Royal True Yellow

In my previous post about finding the Lost Horizon in Shangri-La Putrajaya, I mentioned that the hotel was on a hill in the center of the city.  There is only one other property on the hill and that is the Istana Melawati, the second national palace and retreat house of the Yang di-Pertuan Agong (King) of Malaysia.  Istana means "palace" and Melawati means "guard's tower".

So not only was I in a fabulous garden hotel, I was neigbors with royalty.  Well, almost.  I don't think the King and Queen were in residence while I was there.  Click here to see a picture of how close my hotel is to the Istana Melawati.

I ended up visiting Istana Negara along Jalan Istana, which was the official residence of the King of Malaysia for 54 years up to November 2011. 

Beyond the palace gate are cypresses and casuarinas.

*** Click on this and subsequent images to enlarge.

A close-up of the intricate design on the columns of the palace gate. Can anyone ID this please? :-)  UPDATE:  Alex of 1784 suggested that it is a stylized hibiscus and I tend to agree since it is their national flower.  Maybe the Malysian bloggers can weigh in?

Gold domes top the yellow palace.

A view from below.

Look at how ornate the outdoor electrical lamps are.

Some areas are closed off to the public.

There are 9 states of Malaysia which have their own sultan.  Melaka, Penang, Sarawak and Sabah each have governors.  Every 5 years, one of the 9 sultans is appointed King and he leaves his state to rule the country.  Below, the portraits of the past Kings and Queens of Malaysia line the wall.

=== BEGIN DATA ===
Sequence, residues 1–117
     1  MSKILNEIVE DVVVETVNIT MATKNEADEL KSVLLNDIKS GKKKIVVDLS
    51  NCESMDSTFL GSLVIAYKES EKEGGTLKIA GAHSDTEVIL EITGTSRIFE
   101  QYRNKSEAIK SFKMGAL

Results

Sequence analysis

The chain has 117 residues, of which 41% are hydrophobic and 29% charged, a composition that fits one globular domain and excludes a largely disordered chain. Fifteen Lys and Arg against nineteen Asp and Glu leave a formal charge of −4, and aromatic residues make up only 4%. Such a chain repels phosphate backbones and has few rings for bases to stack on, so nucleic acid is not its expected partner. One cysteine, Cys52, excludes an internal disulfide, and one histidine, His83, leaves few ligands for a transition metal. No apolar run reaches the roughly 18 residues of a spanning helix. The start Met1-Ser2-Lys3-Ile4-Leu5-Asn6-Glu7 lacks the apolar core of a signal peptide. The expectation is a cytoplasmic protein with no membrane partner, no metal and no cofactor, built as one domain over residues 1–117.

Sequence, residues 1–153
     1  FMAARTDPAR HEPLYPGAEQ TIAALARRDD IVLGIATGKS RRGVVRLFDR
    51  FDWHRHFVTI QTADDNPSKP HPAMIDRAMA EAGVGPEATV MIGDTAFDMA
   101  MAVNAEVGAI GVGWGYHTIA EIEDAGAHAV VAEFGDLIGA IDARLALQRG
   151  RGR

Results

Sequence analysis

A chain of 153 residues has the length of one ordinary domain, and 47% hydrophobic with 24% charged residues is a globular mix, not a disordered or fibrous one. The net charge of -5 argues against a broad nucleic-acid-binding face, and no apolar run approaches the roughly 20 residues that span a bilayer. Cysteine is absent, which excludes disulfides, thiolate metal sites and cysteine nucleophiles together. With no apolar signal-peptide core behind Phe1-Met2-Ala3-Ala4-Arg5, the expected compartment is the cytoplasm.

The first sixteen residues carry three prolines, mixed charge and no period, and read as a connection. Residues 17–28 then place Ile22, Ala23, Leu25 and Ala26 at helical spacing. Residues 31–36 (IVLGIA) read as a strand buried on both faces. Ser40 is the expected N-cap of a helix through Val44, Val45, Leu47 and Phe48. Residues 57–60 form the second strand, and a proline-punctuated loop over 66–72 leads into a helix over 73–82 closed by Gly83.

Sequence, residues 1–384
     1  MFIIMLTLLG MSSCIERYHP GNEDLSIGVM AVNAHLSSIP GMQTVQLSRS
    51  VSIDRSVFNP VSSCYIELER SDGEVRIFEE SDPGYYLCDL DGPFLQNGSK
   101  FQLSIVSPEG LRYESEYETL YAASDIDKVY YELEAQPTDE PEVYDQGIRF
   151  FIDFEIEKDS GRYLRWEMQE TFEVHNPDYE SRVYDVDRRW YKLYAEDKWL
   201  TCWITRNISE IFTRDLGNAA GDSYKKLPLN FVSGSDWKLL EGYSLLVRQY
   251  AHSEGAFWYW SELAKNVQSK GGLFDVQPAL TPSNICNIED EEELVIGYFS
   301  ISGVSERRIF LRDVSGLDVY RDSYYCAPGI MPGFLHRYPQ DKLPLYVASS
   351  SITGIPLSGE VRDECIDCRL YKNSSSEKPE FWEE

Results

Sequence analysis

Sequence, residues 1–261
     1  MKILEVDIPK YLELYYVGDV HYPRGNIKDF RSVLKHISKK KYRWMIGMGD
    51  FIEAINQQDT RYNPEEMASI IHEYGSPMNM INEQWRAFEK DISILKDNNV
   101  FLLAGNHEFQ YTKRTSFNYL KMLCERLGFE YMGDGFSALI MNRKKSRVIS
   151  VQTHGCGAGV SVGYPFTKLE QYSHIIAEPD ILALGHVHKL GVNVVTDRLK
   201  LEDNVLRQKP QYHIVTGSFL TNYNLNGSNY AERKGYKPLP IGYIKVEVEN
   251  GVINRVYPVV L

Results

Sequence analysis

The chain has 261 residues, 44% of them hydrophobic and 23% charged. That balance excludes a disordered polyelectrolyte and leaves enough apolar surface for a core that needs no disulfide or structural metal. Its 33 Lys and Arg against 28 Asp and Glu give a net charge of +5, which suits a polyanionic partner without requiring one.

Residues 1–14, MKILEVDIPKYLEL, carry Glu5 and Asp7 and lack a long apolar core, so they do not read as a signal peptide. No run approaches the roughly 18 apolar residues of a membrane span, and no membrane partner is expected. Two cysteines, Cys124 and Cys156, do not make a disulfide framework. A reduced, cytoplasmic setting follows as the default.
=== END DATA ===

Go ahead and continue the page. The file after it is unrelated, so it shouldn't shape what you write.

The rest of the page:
These are replicas of the thrones used by the King and his consort.  The motifs are colored gold.  These are seen every 5 years when a new monarch is crowned.  I wonder how it feels to sit there.

From indoors, let's move to the grounds.  On topic. The palace sits on over 11 hectares so that is a lot of ground to cover.

Once back outside, I was drawn to a cluster of palms.  These are Ptychosperma macarthurii, originally from Australia and Papua New Guinea.  Also known as the MacArthur palm, they were named not after the general but after the Australian horticulturist Sir William Macarthur. These palm clump nicely.

The royal gardener must have a thing for variegated plants.  Below are Furcraea gigantea striata.

Dracaena 'Rikki'.

My favorite of the palace plants, Alpinia zerumbet variegata.

In Malaysia, yellow symbolizes royalty and is reserved for royal usage.  I wonder if the variegated plants were chosen by the royal gardener specifically to add regality to the gardens.

The individual plants were wonderful but much more engaging all together.

Immaculate lawns.

Elegant pathway down to the expansive outer grounds.

Unfortunately, the King and Queen no longer stayed at the Istana Negara Jalan Istana, having recently upgraded their residence.  What an upgrade, too.  From over 11 hectares, the new grounds of Istana Negara Jalan Duta are a massive 97 hectares.  

So I went to the new palace to get a glimpse. For security reasons, this palace was not open to the public and commoners like us had to be content with just a few photos at the gate sans royalty.  Below is the more massive gate of the new palace.

The Mountain Royal Guard.  

I personally prefer the guards outfitted in traditional samping.

Royal guard of the Malaysian Army outside the main gate of the Istana Negara along Jalan Istana. Image in Public Domain.

Bonsai plants are found in front of each column of the perimeter fence.

Here is the new Istana Negara.  Notice its sprawling grounds.  It is supposed to have 22 yellow domes.  Can you count them?

So there I was, the royal retreat house next door to my hotel and a visit to the past and present royal palaces and not a royal in sight.  Will I ever get to see the King or Queen?


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